Stem borer moths are declining due to habitat loss, pesticide use, and habitat fragmentation. Of the 35 stem borer species in Illinois, 10 are on the Watch List, 8 are SGCN, 1 is state-threatened, and 1 is potentially extinct. The remaining 15 species have yet to be assessed for conservation status. Once thought to be extinct in Illinois, the Rattlesnake Master (Eryngium) Stem Borer (ESB) was rediscovered in 1989 and subsequently listed as state-endangered.
Our project assesses populations and examines the genetic diversity and structure of the ESB across the species’ known range, informing management decisions. We assessed ESB populations and their host plant, Rattlesnake Master, at 10 grassland sites in central and southern Illinois and ESB populations in sand prairies of Will County. We conducted larval surveys in July when larvae are actively consuming their host plants. We examined Rattlesnake Master plants for larval damage and extracted the larvae for identification. We also used UV light traps in September to catch flying adult moths. We measured the characteristics of individual plants hosting ESB larvae to determine the ideal host plant size and ESB’s potential impact.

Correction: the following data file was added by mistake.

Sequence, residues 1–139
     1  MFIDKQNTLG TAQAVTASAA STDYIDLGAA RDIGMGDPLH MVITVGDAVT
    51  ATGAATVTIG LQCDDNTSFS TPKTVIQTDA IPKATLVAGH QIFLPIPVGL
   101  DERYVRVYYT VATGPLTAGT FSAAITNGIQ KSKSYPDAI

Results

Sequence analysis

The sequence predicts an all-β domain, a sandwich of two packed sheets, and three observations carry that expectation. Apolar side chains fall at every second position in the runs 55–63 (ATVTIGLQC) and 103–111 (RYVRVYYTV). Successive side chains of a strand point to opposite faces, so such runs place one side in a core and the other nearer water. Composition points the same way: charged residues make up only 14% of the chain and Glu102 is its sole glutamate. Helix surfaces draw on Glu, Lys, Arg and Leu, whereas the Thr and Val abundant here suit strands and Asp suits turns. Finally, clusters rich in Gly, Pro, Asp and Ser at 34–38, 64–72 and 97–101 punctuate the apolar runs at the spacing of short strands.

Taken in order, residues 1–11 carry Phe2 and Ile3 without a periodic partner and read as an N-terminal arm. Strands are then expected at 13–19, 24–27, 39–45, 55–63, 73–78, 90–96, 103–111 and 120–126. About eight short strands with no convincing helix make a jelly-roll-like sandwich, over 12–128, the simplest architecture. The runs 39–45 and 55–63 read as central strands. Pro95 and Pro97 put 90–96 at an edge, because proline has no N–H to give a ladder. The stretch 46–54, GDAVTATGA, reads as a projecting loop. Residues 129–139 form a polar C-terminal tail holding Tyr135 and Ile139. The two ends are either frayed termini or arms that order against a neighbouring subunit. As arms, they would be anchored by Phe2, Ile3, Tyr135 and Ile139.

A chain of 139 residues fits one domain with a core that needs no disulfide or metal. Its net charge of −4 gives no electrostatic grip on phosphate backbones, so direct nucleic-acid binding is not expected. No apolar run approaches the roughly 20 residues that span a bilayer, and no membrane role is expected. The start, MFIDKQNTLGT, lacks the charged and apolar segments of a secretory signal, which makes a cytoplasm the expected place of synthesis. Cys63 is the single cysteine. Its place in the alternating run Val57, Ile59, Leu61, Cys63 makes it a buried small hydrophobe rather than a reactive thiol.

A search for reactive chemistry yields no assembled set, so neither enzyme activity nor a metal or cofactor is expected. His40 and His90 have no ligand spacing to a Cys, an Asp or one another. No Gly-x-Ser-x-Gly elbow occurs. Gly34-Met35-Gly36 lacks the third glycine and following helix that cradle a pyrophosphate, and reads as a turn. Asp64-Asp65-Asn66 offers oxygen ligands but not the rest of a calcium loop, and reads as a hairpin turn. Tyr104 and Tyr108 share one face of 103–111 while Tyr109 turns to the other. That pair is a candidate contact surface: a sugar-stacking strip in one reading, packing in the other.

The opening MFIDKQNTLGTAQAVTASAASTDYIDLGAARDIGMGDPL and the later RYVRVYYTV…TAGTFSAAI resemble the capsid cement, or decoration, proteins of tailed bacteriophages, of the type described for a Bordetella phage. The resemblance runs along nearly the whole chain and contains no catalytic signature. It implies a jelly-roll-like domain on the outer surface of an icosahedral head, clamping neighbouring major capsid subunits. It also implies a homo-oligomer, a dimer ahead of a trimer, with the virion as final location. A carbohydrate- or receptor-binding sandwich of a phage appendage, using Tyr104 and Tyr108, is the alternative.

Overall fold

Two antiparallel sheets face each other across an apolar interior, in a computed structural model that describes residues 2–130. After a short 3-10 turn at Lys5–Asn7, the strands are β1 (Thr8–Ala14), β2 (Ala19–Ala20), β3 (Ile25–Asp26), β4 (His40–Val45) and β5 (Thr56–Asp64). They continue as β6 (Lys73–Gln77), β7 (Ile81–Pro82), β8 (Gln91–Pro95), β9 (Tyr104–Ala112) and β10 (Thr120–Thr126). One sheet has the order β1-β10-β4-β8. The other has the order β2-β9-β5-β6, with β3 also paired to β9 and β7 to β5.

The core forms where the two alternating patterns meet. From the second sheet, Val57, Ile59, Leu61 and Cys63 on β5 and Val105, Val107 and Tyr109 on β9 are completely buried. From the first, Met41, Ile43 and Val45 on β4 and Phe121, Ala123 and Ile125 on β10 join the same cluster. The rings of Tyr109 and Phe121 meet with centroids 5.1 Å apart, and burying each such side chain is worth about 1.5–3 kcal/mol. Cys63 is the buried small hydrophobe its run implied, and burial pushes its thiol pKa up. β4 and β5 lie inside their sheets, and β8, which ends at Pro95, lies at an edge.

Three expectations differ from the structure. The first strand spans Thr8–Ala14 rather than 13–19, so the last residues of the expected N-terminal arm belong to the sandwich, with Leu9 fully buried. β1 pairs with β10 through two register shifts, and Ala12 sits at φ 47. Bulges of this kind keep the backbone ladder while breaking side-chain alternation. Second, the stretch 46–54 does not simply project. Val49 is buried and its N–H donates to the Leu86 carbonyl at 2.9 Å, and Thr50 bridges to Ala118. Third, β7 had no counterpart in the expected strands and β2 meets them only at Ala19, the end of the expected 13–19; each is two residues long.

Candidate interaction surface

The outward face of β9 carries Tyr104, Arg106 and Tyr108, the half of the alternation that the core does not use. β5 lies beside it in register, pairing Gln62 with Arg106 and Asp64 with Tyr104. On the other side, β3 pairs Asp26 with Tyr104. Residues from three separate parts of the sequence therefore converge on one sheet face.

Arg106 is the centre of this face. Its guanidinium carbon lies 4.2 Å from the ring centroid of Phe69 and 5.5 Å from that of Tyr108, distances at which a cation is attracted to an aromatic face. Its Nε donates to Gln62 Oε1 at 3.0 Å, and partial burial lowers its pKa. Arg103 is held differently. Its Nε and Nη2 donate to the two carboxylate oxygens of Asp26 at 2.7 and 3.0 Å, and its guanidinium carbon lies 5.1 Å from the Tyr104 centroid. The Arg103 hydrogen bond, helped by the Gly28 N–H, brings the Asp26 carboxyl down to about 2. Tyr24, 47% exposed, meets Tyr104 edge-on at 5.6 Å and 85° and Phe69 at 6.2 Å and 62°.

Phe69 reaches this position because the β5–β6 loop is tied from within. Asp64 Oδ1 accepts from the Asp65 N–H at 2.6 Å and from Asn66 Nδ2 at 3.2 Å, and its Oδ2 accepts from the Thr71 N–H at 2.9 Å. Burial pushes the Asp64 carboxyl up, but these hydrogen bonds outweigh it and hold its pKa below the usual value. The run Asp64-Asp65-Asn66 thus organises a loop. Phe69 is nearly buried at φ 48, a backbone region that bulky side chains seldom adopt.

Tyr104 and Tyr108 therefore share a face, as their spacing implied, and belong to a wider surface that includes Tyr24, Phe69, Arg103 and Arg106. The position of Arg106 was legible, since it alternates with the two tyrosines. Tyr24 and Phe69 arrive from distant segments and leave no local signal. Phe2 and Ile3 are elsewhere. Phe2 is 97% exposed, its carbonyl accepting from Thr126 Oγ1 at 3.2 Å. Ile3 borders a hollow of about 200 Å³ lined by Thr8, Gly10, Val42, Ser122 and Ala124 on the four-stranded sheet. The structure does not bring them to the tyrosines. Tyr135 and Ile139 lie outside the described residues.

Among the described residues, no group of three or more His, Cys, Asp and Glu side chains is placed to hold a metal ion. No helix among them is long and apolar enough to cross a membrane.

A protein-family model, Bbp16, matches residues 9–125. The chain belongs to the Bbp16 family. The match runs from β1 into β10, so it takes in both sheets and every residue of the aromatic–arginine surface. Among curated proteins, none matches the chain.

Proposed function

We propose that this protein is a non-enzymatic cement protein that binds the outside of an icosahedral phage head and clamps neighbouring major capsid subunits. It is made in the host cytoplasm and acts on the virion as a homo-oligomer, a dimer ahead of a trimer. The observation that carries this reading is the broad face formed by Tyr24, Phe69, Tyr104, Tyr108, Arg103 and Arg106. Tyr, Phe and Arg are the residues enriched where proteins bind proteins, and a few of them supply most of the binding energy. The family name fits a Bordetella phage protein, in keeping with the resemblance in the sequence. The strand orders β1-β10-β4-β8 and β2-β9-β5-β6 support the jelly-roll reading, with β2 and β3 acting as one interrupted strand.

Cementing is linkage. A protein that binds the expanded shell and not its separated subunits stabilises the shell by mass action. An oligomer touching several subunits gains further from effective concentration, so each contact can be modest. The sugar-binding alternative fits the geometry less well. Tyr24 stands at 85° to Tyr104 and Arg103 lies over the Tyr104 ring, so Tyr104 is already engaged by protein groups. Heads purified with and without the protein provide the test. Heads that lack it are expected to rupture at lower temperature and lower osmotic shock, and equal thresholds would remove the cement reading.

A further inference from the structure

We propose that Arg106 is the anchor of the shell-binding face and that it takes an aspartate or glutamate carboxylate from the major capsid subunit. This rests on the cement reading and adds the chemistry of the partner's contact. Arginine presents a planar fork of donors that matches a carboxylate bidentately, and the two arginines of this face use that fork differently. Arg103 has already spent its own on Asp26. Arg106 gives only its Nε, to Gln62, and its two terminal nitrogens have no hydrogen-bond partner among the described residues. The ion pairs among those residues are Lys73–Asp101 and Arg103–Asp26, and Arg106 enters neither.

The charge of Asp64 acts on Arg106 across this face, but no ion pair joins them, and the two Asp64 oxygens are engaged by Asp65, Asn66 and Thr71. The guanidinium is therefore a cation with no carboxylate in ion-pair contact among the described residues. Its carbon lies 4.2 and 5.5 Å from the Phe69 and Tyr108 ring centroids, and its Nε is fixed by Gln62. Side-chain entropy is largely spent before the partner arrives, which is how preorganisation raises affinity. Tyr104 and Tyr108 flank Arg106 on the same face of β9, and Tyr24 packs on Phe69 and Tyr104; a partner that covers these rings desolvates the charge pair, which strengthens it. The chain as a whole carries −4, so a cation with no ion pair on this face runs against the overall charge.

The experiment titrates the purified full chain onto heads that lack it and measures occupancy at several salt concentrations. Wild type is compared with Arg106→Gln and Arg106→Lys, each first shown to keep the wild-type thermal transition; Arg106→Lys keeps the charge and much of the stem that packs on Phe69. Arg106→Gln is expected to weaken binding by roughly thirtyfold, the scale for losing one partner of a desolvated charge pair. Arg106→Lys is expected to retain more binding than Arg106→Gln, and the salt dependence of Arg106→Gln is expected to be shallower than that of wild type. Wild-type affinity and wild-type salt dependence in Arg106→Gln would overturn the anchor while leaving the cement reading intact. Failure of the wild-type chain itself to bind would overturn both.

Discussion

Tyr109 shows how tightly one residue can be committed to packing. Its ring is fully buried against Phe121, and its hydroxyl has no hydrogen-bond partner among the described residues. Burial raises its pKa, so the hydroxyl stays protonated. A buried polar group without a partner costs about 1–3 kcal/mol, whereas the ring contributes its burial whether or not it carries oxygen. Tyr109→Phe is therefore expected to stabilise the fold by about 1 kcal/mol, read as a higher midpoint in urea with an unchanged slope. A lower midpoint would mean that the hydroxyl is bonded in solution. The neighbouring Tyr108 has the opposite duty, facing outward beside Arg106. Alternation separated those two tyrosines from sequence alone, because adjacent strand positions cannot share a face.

On a broader scale, we are examining the phylogenetic structure of species within the genus, emphasizing the ESB. Determining the distribution and relationships of stem borer moth species is difficult but important for meaningful conservation measures to be enacted. The project will include previously collected samples of stem borers from Illinois, Missouri, Arkansas, Oklahoma, Kentucky, and North Carolina. Our work will most broadly examine the phylogenetic structure of species within the genus, emphasizing the ESB. We have extracted and amplified DNA from the legs of over 125 individual stem borer moths and are analyzing the genetic sequences we have obtained.